The leader of Zimbabwe's opposition Movement for Democratic Change (MDC) has stormed out of power-sharing talks in a Harare hotel, prompting fears the negotiations may be close to collapse.
Morgan Tsvangirai gave no comment as left the third-day of talks with Robert Mugabe, the Zimbabwean president, and Arthur Mutambara, head of a smaller MDC faction, on Tuesday
The talks have already continued for three days, longer than initially expected.
"The longer these talks have lasted the further away it appears there is any possibility of a settlement," Mike Hanna, Al Jazeera's correspondent in Johannesburg, South Africa, said.
"It's been quite clear in these three days of ongoing negotiations there are still substantive differences between the parties ... and now the talks appear to have ground to a halt with Morgan Tsvangirai's decision to leave the discussions.
"It's not clear if this is a permanent withdrawal from the negotiations."
The three Zimbabwean leaders have said little publicly about the details of their meetings and all refused comment as they arrived for Tuesday's negotiations.
Asked if a deal was close, Mutambara's chief negotiator, Welshman Ncube, said: "We don't know, but we're praying."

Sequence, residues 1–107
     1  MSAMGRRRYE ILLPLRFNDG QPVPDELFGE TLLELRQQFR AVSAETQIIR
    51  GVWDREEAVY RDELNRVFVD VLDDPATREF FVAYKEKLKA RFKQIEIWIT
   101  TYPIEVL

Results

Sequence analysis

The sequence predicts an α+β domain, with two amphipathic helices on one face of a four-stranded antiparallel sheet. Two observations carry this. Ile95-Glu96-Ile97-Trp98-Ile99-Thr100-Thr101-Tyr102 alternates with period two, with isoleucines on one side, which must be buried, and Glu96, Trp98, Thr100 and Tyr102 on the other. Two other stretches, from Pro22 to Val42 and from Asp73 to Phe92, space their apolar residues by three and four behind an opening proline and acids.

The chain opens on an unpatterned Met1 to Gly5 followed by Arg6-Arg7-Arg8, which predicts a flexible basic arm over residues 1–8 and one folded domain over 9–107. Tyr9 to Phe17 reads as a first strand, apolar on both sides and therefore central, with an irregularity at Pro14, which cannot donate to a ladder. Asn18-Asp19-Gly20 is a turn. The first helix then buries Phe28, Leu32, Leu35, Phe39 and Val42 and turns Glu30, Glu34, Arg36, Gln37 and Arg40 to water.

Pressure has been building for the political rivals to resolve the crisis, which intensified after Mugabe's controversial re-election in June.
Thabo Mbeki, the South African president, has been mediating the Zimbabwe talks, but was due to fly home later on Tuesday.
"It's unknowable when a deal will be reached but the president is due back from Zimbabwe later today," Mbeki spokesman Mukoni Ratshitanga told AFP.
Earlier in the day Mugabe gave a speech in honour of the country's army and, unlike in the past, avoided inflammatory comments about the opposition.
But he did, however, make a brief reference to international criticism of his regime.
"Since their formation, the Zimbabwe defence forces have remained steadfast in defending our national sovereignty, territorial integrity and interests as well as our hard-won independence," Mugabe said.
"These sterling achievements have overcome numerous concerted efforts from some sections of the international community to destabilise our peace and stability and thus cause confusion in our country."
Little about the negotiations has been released to the media, but the talks have reportedly included proposals for Mugabe to take on a more ceremonial role in exchange for amnesty from prosecution, with Tsvangirai being made executive prime minister.
But political analysts have suggested Mutambara could hold the key to the talks success.
Members of the former robotics professor's MDC faction could bolster either Mugabe's Zanu-PF party or Tsvangirai's main MDC party in the lower house of parliament.